Mounting problems for Ellen Tshabalala

The former SABC board chairperson now faces possible criminal charges.

FILE: Ellen Tshabalala. Picture: SABC.

CAPE TOWN - Former South African Broadcasting Corporation (SABC) chairperson Ellen Tshabalala now faces possible criminal charges for lying about her qualifications.

This as pressure mounts for her to 'pay back the money' earned during her tenure at the public broadcaster.

Tshabalala tendered her resignation to President Jacob Zuma on Wednesday.

The Democratic Alliance (DA) says Tshabalala must step down from the board of Moral Regeneration Movement or be fired.

The organisation's mission includes initiating and coordinating programmes to regenerate and preserve the country's moral fibre.

According to its website, the movement's board of directors "consist of men and women who are ordinary citizens of the country, yet together, embody the nature of our ideal character of becoming exemplary through words and deeds."

The DA's Gavin Davis says, "There should be no place for a person who lied about her qualifications on the board of a publicly funded organisation that purports to uphold virtues such as accountability, honesty and integrity."

The official opposition laid charges of perjury against Tshabalala, who previously claimed her academic qualifications were stolen during a burglary.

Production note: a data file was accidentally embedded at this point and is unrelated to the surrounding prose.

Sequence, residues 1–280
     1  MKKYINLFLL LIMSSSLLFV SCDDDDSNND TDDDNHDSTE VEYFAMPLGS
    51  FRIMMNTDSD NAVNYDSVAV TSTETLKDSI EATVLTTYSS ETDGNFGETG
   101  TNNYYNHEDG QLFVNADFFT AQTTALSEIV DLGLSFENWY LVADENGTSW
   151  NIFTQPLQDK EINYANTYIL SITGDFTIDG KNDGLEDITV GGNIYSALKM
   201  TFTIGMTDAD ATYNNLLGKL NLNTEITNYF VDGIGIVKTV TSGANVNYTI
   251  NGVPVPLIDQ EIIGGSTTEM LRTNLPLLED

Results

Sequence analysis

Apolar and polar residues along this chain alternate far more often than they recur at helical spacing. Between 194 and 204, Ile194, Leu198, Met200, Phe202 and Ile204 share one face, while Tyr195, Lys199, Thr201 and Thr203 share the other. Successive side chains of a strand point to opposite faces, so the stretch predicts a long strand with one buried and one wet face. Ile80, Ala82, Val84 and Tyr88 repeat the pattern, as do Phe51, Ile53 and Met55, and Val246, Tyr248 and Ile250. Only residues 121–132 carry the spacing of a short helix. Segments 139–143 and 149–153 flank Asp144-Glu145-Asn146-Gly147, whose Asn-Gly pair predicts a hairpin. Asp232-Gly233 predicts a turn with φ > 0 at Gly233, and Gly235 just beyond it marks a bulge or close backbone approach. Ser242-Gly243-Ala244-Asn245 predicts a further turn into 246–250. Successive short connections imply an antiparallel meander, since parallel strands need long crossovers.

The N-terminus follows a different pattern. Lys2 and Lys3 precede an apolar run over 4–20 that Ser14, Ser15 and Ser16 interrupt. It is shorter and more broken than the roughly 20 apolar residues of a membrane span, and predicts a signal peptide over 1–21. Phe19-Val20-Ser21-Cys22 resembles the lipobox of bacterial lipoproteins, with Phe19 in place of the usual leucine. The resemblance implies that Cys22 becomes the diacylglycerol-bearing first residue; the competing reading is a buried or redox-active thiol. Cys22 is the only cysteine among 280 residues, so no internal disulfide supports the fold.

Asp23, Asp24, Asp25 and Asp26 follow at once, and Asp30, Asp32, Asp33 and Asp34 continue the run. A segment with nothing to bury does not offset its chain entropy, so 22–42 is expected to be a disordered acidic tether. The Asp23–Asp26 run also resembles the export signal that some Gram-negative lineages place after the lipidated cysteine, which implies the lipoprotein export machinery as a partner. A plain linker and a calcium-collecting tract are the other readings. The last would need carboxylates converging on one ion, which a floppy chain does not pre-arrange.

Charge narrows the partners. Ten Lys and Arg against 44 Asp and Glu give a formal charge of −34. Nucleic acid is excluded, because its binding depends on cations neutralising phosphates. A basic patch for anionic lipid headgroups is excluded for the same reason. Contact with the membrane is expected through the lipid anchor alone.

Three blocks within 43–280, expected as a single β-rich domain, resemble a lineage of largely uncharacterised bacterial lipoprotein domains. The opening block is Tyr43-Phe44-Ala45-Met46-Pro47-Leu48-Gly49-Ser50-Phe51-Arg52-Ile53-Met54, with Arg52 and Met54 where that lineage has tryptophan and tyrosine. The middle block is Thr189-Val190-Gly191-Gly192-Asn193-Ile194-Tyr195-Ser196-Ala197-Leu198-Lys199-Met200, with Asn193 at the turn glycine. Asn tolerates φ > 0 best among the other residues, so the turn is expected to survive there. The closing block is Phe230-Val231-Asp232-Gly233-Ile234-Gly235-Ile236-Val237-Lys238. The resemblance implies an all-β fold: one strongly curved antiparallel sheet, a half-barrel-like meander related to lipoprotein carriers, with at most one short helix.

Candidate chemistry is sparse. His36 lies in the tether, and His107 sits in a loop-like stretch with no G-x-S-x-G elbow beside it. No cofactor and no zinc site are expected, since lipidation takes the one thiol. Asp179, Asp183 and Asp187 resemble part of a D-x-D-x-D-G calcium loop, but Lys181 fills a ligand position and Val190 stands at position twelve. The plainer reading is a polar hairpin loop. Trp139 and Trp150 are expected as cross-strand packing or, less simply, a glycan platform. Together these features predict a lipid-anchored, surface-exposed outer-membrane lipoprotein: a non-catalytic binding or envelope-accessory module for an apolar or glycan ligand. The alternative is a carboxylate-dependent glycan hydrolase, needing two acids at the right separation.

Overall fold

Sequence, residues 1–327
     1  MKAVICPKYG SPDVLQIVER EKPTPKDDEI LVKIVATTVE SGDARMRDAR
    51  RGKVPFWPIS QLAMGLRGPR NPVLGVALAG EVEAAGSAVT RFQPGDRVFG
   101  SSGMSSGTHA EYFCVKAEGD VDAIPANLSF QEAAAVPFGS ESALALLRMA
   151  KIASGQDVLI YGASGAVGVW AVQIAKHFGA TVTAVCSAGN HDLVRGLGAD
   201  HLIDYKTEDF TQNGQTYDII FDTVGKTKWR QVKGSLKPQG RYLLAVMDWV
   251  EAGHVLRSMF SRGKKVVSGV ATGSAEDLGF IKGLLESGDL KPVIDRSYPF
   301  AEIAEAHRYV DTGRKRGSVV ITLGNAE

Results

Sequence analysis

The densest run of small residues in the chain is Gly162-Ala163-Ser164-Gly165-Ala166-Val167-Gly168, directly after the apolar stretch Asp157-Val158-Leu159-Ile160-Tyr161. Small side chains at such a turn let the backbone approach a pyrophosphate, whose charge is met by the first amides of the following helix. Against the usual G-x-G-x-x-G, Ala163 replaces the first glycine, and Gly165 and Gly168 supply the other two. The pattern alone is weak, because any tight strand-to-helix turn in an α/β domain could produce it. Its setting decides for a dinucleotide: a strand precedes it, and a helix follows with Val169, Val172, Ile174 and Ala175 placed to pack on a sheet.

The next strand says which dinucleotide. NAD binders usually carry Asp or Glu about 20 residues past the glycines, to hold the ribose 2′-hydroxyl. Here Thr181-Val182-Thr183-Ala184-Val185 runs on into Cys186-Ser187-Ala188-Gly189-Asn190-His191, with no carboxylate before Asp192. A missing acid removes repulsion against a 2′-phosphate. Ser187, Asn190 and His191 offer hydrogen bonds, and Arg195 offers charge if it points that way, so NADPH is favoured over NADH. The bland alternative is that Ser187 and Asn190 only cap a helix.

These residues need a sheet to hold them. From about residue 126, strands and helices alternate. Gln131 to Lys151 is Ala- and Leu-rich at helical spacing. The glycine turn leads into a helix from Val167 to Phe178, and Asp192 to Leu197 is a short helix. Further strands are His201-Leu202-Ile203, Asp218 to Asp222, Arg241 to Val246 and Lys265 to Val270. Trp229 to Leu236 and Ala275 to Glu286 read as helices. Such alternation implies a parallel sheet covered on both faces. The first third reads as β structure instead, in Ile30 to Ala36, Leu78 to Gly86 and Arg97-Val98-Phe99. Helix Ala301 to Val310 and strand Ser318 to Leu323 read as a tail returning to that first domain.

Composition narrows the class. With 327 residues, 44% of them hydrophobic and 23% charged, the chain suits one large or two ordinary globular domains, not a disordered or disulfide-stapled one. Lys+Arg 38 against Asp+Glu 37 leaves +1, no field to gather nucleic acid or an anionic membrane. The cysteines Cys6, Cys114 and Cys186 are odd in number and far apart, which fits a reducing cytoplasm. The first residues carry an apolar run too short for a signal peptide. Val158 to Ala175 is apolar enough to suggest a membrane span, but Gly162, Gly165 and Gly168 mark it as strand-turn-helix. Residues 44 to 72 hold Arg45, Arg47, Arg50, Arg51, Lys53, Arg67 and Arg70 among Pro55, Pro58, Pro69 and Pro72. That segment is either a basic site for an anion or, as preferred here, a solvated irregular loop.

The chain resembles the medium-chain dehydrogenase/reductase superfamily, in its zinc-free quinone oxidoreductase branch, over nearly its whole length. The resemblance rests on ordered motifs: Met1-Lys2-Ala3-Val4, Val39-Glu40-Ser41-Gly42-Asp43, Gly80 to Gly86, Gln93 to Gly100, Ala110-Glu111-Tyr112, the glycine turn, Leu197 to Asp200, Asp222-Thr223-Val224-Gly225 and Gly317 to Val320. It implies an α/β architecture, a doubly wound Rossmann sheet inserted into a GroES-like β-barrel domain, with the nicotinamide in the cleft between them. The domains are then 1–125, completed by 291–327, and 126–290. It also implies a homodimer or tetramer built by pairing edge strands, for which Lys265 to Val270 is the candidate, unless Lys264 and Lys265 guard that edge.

Davis says a detective has been assigned to the case.

Civil society movement, the SOS Coalition, meanwhile says she must account for her lies.

Spokesperson Sekoetlane Phamodi says, "An example must be made of Tshabalala."

Phamodi says Tshabalala should pay back R936,000 she received at the SABC during the last financial year for chairing 34 board meetings and attending 36 committee meetings.

Tshabalala's earnings are more than double what her predecessor, Ben Ngubane, earned over the same 12-month period during the previous cycle.

The University of South Africa (Unisa) previously revealed Tshabalala neither received a BComm nor a post graduate diploma in labour relations as claimed.

It further emerged she passed two, failed two and did not write two other subjects, but was allowed to write them again the following January.

The university said Tshabalala's academic performance was so poor, Unisa refused to readmit her for a second shot at the diploma.

She obtained 13 percent in one module and 35 percent in another.